Personally, I wouldn't use it. I know this isn't an immediate solution, but I bought an electric kettle for boiling water; it can be kept in your room. I boiled water, poured it in a mason jar, let it cool, then put the lid on. I just had to make sure to always do it ahead of time, so it was ready when I needed it. You can use a stainless steel lined thermos or water bottle to store it in once it cools, or a glass jelly jar, pasta sauce jar, etc, as long as it's been cleaned thoroughly. Hope this helps!
posted by racersix6 at 8:22 PM on August 14 [1 favorite]


I used one of those things for years without really giving it a second thought, I didn't use distilled water. I'm still here FWIW.
posted by Sunflowers Beneath the Snow at 8:49 PM on August 14 [2 favorites]


apparently there's a distilled water shortage so my pharmacist told me to use filtered water that has been boiled then cooled down to room temp
posted by Jacqueline at 10:58 PM on August 14


Same as Sunflowers Beneath the Snow; I run hot tap water and Neti with that. Have done so on and off for ~ 20 years now; no issues. (I understand that in some places tap water is not advisable but just another data point). I am usually in a large midwestern city.
posted by I_Love_Bananas at 3:20 AM on August 15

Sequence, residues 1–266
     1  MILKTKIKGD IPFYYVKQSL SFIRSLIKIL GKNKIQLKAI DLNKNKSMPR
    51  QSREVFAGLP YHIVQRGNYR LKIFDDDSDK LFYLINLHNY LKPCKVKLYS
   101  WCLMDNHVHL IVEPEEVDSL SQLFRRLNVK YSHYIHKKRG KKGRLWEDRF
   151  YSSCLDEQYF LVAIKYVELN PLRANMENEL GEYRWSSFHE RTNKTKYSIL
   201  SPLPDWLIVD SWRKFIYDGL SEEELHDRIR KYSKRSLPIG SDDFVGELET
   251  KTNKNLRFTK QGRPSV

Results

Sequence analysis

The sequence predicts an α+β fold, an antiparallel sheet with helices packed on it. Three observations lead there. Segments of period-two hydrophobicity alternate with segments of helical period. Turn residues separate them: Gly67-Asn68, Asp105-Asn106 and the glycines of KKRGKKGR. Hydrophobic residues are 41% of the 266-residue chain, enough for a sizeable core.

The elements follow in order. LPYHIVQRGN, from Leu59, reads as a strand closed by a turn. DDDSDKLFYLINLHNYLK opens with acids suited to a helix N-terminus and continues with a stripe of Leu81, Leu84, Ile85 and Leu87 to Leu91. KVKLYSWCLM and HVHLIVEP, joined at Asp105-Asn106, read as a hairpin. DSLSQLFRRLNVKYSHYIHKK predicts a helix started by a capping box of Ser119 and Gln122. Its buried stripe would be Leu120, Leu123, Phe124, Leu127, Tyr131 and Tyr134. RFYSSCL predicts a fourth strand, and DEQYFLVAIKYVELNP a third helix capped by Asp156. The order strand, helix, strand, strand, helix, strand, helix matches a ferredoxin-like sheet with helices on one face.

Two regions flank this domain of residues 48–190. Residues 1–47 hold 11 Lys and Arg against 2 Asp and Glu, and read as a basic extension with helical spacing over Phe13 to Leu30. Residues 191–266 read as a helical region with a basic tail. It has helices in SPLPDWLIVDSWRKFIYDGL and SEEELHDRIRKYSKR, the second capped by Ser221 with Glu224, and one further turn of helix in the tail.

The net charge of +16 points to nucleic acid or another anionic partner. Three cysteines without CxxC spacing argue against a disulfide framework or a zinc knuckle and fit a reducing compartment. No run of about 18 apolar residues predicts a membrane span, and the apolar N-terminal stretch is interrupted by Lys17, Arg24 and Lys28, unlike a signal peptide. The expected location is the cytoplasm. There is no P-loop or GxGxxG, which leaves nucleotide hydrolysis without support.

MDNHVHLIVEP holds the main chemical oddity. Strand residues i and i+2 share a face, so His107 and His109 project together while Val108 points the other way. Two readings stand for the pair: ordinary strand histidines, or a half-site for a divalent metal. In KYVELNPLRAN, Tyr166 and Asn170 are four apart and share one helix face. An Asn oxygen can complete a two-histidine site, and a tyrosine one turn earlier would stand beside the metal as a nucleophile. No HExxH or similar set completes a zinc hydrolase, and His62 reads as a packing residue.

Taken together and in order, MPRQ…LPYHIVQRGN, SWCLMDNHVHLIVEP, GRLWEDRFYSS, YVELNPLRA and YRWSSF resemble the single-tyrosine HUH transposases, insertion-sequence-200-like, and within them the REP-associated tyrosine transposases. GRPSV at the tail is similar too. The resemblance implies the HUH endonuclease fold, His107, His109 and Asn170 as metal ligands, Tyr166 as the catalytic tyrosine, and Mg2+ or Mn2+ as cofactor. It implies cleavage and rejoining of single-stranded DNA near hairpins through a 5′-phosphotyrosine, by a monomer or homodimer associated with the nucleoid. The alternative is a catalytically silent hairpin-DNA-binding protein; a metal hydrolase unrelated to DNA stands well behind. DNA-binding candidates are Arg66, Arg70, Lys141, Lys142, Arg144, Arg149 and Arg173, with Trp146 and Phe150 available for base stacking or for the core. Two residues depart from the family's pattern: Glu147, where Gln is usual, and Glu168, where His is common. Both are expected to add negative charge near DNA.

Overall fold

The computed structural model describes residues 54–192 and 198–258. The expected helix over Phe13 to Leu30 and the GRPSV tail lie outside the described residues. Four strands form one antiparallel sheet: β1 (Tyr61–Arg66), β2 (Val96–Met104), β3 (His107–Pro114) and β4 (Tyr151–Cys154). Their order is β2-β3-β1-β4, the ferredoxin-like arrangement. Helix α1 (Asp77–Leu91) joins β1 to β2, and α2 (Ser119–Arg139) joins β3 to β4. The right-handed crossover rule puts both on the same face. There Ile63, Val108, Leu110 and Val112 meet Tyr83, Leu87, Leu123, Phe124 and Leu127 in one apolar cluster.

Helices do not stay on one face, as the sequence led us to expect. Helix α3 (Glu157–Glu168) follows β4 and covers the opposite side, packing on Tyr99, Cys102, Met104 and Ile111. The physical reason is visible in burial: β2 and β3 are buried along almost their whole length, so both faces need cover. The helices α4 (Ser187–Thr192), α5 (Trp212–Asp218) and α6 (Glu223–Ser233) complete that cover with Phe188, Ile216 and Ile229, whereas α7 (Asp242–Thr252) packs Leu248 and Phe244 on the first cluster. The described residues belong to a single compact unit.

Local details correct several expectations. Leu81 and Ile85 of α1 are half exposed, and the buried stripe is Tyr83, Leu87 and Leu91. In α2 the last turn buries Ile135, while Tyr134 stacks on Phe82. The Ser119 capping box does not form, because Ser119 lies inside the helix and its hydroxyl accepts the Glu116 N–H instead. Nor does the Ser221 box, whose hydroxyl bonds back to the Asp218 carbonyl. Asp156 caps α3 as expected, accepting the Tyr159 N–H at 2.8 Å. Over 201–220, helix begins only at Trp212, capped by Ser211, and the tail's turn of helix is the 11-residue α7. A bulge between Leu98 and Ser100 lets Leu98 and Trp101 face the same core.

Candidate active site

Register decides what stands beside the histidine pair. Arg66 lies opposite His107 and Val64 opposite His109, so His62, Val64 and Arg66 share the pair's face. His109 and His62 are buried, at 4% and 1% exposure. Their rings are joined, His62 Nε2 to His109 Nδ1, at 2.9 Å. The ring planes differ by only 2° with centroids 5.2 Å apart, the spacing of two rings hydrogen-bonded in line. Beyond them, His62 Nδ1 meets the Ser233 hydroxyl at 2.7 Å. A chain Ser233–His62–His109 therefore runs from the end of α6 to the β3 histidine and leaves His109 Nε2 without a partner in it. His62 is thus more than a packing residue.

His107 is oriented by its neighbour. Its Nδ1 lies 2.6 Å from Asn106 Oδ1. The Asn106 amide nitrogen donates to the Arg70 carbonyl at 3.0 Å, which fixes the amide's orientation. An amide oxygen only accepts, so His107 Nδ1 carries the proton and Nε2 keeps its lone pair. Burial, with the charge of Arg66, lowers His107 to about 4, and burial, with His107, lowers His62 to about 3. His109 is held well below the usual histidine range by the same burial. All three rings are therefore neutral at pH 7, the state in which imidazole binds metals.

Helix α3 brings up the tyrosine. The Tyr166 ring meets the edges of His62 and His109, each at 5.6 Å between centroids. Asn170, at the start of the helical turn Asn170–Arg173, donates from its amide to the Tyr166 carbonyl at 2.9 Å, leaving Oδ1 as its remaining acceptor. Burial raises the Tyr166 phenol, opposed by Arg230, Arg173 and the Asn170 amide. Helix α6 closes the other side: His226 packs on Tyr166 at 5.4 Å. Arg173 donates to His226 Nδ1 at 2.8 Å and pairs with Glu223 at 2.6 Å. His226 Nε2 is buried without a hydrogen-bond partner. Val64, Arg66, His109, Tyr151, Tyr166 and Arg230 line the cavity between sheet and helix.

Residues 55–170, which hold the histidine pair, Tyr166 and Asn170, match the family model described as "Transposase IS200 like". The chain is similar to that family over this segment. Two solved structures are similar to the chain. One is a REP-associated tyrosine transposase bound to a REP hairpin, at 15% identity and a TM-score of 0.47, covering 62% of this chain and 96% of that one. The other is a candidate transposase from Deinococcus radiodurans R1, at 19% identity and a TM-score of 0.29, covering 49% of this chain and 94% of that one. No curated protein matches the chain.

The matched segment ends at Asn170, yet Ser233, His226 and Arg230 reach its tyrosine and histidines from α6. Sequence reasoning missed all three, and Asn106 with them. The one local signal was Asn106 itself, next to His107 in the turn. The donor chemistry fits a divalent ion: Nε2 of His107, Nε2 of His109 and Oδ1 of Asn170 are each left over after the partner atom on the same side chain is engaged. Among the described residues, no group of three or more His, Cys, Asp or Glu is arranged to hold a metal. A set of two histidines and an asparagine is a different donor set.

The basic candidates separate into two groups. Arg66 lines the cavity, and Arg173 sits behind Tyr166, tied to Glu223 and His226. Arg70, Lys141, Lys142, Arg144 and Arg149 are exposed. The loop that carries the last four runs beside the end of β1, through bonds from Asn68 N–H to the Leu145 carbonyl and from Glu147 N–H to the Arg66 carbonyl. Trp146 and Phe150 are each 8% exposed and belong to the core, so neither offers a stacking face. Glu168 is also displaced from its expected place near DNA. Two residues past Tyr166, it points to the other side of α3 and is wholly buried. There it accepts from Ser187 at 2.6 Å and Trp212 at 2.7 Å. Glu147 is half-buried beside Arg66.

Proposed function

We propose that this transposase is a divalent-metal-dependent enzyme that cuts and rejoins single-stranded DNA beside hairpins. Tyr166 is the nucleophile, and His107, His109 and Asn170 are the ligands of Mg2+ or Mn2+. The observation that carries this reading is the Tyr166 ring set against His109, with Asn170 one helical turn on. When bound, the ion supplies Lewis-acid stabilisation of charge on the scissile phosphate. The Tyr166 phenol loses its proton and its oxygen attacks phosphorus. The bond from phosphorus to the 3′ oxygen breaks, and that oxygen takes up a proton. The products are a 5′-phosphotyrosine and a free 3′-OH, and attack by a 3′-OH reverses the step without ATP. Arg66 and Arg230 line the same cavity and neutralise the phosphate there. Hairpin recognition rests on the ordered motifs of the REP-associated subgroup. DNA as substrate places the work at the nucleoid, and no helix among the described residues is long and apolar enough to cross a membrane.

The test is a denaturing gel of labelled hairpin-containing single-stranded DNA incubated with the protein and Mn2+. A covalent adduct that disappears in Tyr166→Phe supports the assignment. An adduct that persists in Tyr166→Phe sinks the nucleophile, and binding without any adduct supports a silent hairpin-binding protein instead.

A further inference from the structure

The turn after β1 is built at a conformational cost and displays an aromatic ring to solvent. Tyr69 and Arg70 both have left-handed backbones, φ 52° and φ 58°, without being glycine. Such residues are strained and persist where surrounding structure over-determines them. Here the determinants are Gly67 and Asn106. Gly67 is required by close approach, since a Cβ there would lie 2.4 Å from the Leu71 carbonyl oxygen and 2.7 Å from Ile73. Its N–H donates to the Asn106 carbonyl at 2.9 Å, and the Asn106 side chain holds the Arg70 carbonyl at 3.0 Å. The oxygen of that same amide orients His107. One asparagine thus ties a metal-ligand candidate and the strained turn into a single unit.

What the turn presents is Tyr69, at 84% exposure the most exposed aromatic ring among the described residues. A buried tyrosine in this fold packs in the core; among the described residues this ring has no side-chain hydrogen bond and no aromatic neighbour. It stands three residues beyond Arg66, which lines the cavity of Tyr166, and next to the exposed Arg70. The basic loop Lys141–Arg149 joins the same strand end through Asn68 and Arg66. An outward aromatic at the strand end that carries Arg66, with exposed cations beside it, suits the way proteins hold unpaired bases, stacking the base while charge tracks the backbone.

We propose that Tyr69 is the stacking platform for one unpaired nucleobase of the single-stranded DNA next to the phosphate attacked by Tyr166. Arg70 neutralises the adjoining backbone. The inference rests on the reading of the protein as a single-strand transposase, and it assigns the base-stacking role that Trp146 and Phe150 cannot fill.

Best answer: It's now possible to buy nasal rinse systems with an incorporated filter, so you don't have to boil the water in advance. I picked one up at my local CVS for about $17. It makes it much easier to do the daily rinse.
posted by suelac at 8:51 AM on August 15


My ENT doc is not your ENT doc, but mine told me it was OK to use non-distilled bottled water in a pinch.
posted by doift at 10:16 AM on August 15 [1 favorite]


I mean, just think about what the water is doing and where it's going and what your normal water source is. Have you ever vomited, and had municipal water in your stomach? Maybe some came out your nose? Or swam?

It's got to be extremely unlikely your local water source if it is drinkable and legal is going to kill you if it just reaches your sinus cavity. You shower under it, swim in it, drink it. Around my parts tap water is chlorinated and treated and it ought to be basically safe. It's smarter to use distilled water, but it's not like you're risking your life as much as you did driving to a store to buy water.
posted by Sunflowers Beneath the Snow at 10:44 AM on August 15 [1 favorite]


My allergy doctor put me onto neti pot type nasal rinses. I just use a device I got at the pharma. The allergist told me that the other docs he worked with all did the rinses with distilled water but he didn't bother, just used tap water which is what I have used ever since. If you live in a large municipal area (I was in L.A.), the tap water is very safe. (I've been to one of the main treatment plants and it is very impressive.)
posted by charlesminus at 10:54 AM on August 15 [1 favorite]


Best answer: I had this dilemma about ten years ago and the solution I’ve been using since then is a portable UV water purifier: https://www.rei.com/product/847549/katadyn-steripen-ultra-uv-water-purifier

Battery lasts forever and can be charged via USB, it’s small and portable and I just use warm tap water which I then purify with this thing in a glass and then use in my sinus rinse.
posted by rbf1138 at 8:35 PM on August 16